March 8, 2022
The total number of available listings for sale in the Hamptons real estate market declined 40.9% YoY for March 1, 2022, but increased 0.2% between February 1 and March 1, 2022. Listing supply has reached a plateau over the last three months, yet the median sold price continues to remain at all-time highs.
Increasing just over 19% (+19.49% year over year and +19.26% month over month) for the total market, the median sold price for February 2022 was $2,337,500 - higher than the monthly median sold price of each month in 2020 and the majority of those in 2021. Quarter 4 of 2021 saw the highest median sold prices in Hamptons history due to the proportionately large number of listings priced over $10 million finding deals and closing before the end of the fiscal year.
In February 2022, the 99 new listings for sale outpaced the 89 contracts signed for the first time since September 2021. But with only a 10 listing difference, it’s simply not enough to cause any immediate impact on pricing.
Despite the overall market trend, Amagansett, Sag Harbor, and Wainscott still saw fewer new listings than contracts signed, as hamlets, villages and neighborhoods that mimic their feel like Clearwater Beach in Springs, continue to be the strongest in demand.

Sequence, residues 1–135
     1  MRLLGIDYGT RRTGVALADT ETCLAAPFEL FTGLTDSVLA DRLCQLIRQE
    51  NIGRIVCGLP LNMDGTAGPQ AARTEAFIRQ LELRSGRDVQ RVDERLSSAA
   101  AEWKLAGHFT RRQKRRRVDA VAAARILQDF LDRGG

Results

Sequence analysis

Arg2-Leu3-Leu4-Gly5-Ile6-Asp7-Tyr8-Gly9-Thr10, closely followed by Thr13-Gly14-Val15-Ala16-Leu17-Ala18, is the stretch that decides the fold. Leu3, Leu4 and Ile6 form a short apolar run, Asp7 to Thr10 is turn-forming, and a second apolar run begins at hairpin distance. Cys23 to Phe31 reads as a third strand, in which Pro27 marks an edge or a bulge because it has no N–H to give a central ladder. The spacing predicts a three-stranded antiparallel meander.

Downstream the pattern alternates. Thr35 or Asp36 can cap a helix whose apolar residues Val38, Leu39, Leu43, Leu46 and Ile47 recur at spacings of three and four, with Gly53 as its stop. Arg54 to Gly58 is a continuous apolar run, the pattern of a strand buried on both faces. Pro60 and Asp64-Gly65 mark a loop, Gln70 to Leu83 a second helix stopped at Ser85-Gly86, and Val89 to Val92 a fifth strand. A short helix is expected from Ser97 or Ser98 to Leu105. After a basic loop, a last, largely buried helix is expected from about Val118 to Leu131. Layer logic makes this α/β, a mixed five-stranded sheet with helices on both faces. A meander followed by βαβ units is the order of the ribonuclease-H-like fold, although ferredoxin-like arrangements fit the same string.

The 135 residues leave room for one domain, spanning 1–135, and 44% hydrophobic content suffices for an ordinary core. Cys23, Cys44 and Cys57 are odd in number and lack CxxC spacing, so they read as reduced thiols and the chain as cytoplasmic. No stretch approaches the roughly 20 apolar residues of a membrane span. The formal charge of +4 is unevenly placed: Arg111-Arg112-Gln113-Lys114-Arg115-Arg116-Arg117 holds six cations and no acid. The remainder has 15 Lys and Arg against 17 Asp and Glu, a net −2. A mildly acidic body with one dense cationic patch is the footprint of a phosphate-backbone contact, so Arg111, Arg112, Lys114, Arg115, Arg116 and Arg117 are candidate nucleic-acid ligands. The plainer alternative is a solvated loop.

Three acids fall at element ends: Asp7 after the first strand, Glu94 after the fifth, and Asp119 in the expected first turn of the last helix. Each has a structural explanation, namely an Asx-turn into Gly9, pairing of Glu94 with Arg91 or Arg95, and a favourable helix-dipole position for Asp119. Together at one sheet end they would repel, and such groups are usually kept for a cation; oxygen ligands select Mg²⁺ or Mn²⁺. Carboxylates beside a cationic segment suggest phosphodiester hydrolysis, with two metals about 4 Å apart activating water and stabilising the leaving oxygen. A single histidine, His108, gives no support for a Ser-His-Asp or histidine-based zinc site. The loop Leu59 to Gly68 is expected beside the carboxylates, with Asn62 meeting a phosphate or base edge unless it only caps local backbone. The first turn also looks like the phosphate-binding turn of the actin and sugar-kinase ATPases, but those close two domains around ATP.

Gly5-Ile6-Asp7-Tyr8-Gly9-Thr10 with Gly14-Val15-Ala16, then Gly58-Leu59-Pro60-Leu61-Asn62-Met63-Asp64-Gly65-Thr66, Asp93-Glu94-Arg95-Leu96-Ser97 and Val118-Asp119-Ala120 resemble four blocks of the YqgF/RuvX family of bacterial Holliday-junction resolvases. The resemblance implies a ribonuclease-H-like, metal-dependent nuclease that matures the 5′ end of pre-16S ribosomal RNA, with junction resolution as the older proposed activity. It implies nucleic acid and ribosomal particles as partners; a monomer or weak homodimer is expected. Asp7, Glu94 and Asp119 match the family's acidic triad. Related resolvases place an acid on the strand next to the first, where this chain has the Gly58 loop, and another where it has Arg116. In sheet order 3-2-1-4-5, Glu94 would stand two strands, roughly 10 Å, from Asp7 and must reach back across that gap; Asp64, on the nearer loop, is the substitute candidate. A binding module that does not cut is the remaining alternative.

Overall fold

Southampton's 2022 spending plan called for a 5.8% increase to meet rising demand for town services due to a nearly 22% population growth following the pandemic, according to Town Supervisor Jay Schneiderman.
Once-sleepy Hamptons wider awake now in winter, spring months
While mortgage rates do impact the Hamptons housing market, the effect is usually less severe and takes longer to make an impact. Cash or leveraging other assets are often an option.
Home prices could fall in these housing markets, says CoreLogic
"I think the number one indicator we all need to watch for March is Crude Oil. If prices hit and hold at $150 per barrel we can expect some significant changes to the broader markets. At $200 per barrel all bets are off. That may just place tangible assets such as real estate in a secure market like The Hamptons in an even stronger position - especially for a long hold. There simply is no more land to expand to, and the demand will always be there."
Investors are terrible at forecasting wars.
"Obviously, the initial stages of the pandemic drove tremendous volume in acquisitions, and they were emotion driven. As we’ve gotten used to the new world, buyers have shifted back to more pragmatic approaches to purchasing. But the peaks and valleys certainly have given sellers pause to offer their listings, and they seem to want to hold on to homes as a back-up plan for now. Demand has been following supply, however. That is, as we get more listings, more properties sell."
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